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International students killed in Israel as conflict intensifies

At least 11 international students have been killed in Israel as universities and governments work to repatriate foreign students in the country. 

International students have died as conflict between Israel and Hamas escalates. Photo: Unsplash.

Ten Nepali students were killed and four injured at an area near the Gaza strip

Israel declared war on Hamas after the Palestinian militant group launched a wave of unprecedented attacks, including sending fighters into Israel, on Saturday. The following day, Israel retaliated with airstrikes on Gaza.  

International students in Israel have been caught up in the conflict, many of them studying agriculture and working on farms as part of an Israeli work-study program aimed at students from developing countries, or on short-term exchanges as part of their university studies. 

Nepal’s Ministry of Foreign Affairs confirmed that ten Nepali students were killed and four injured at an area near the Gaza strip. 

“In an attack by the Hamas group of Palestine at a place called Kibbutz Alumim in southern Israel, ten Nepalis were tragically killed,” the Ministry said in a statement, expressing “heartfelt condolences to the bereaved families and wishing for the speedy recovery of the injured”.

All those killed were reportedly agriculture students from Nepal’s Sudur Paschim University and were in Israel as part of the country’s agriculture internship, which allows foreign students to work at Israeli farms and study part-time. Some 265 Nepalis were in Israel as part of this program when the attacks began. 

Other Nepali students are reportedly stranded in a bunker and have appealed to their government for help. 

A Cambodian student has also died near the Gaza border, the country’s Ministry of Foreign Affairs confirmed. Officials said they were working to return the body of the deceased man to his family as soon as possible.

Meanwhile, the Tanzanian embassy in Israel continues to search for two missing students. Ambassador Alex Kallua told the BBC the embassy had been in contact with the other Tanzanians in the country. 

There are approximately 450 Cambodians and 350 Tanzanians in Israel, the majority of them studying agriculture. It is unclear how many students in total were participating in agriculture internships in Israel at the time of the attacks. 

The Cambodian prime minister said three other students were rescued from conflict zones and are in a safe place, while the Philippines government confirmed that all Filipino agriculture students in Israel were “accounted for”.

Across the globe, universities and institutions have also been working to support their students participating in exchanges and international programs in Israel. 

New York University, which has an academic centre in Tel Aviv, said all of its students are no longer in Israel. 

“When the fighting started, we quickly began to account for all the students”

“Coincidentally, the students at our NYU Tel Aviv site were scheduled to leave this past weekend on a long-planned trip to Abu Dhabi,” said John Beckman, NYU spokesperson. 

“Their flight was a little delayed, but they did make it out yesterday,” he said. 

“When the fighting started, we quickly began to account for all the students and staff, and I am glad to report that we were able to rapidly ascertain that they were all unharmed, safe, and well.”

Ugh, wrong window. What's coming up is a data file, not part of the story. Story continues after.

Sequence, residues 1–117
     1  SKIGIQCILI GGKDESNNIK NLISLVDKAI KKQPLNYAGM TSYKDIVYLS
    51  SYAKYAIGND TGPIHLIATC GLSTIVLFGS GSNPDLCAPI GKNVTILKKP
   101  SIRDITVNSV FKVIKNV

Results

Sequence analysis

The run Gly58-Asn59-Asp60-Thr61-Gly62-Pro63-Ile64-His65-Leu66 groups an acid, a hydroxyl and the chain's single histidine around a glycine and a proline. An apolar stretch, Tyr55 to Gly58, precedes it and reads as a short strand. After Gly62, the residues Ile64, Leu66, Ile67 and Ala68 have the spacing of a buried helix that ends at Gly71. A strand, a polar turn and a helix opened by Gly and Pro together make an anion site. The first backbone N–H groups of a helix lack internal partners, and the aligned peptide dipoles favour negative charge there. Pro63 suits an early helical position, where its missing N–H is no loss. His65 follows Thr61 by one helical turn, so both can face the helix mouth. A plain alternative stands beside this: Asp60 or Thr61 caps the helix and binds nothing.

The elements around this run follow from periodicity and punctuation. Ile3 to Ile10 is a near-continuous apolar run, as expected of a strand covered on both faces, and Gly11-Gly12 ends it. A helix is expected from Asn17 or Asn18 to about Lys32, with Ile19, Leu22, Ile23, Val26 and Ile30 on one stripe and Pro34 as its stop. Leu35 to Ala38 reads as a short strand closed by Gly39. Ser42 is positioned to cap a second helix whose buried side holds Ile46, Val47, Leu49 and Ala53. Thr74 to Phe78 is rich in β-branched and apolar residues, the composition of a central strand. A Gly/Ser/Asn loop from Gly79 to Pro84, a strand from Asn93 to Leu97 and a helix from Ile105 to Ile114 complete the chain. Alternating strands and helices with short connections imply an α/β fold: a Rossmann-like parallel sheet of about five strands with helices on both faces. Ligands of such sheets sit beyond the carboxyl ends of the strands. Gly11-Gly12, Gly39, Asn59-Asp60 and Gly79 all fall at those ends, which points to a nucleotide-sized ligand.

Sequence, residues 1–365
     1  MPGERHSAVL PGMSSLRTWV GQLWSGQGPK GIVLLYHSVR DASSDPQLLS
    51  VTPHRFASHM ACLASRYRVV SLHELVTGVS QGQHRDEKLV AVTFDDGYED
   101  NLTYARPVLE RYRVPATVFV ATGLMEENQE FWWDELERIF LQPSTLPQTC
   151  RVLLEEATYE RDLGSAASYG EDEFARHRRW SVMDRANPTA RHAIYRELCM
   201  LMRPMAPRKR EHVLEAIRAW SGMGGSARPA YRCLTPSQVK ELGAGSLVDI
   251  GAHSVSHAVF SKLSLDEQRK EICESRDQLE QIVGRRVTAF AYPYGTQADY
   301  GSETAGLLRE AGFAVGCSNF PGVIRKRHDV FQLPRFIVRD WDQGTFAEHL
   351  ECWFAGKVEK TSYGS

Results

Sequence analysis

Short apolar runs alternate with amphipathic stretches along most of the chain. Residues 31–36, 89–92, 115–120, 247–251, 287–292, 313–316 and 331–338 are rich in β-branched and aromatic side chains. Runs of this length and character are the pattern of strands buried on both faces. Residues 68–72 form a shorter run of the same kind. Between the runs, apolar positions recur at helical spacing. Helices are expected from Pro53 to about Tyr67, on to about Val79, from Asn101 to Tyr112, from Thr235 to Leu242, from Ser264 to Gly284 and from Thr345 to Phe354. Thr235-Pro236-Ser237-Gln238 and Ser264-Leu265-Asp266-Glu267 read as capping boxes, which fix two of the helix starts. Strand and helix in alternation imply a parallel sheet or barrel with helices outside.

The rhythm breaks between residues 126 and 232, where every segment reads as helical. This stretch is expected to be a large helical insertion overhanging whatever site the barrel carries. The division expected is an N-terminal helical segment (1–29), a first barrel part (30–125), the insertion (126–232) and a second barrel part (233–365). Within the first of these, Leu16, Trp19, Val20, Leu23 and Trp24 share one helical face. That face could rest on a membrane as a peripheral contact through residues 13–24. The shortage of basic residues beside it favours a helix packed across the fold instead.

“We’ve been in touch with the families to let them know, and offered services and support to all the students. They are at our campus in Abu Dhabi (NYU Abu Dhabi), where we can continue to offer support as needed.”

Boston’s Northeastern University said it was working to evacuate its three students on exchange in Israel. Some major airlines, including American Airlines, have temporarily halted flights into and out of the country.

“Northeastern’s global security operation has been in contact with our students in Israel who are there on co-op,” said a Northeastern spokesperson.

“We provided resources and assistance and are helping them evacuate the country. They are all safe.”

Melissa Torres, president and CEO of the Forum of Education Abroad, said the group’s members who have students in Israel are “focused on making certain any students, staff, and faculty on the ground in Israel are safe and accounted for”.

“As with any conflict that escalates to war, all Americans who are located in the region or who are concerned about loved ones are advised to contact the US State Department for the most up to date information and advice,” she said.

“Undoubtedly, any faculty-led programs that may be planned for later this year or education abroad programs planned for the Spring 2024 semester, will be impacted, especially if the war continues.”

Israel’s universities have delayed the start of the autumn semester by a week in light of the conflict. The Hebrew University of Jerusalem confirmed it would close its campus buildings in areas considered to be less safe and said leadership would convene daily to make decisions “in response to the evolving situation”. 

“Our utmost priority lies in ensuring the safety and well-being of our University community,” the university said in a statement

“Many among us are facing significant personal challenges, with some serving in reserve duty, others having family members engaged in combat, or having close friends and loved ones directly affected by the ongoing conflict.

“Special programs, including mechinot [pre-army education] and initiatives for international students, are already underway, and examinations are progressing as scheduled,” it added. 

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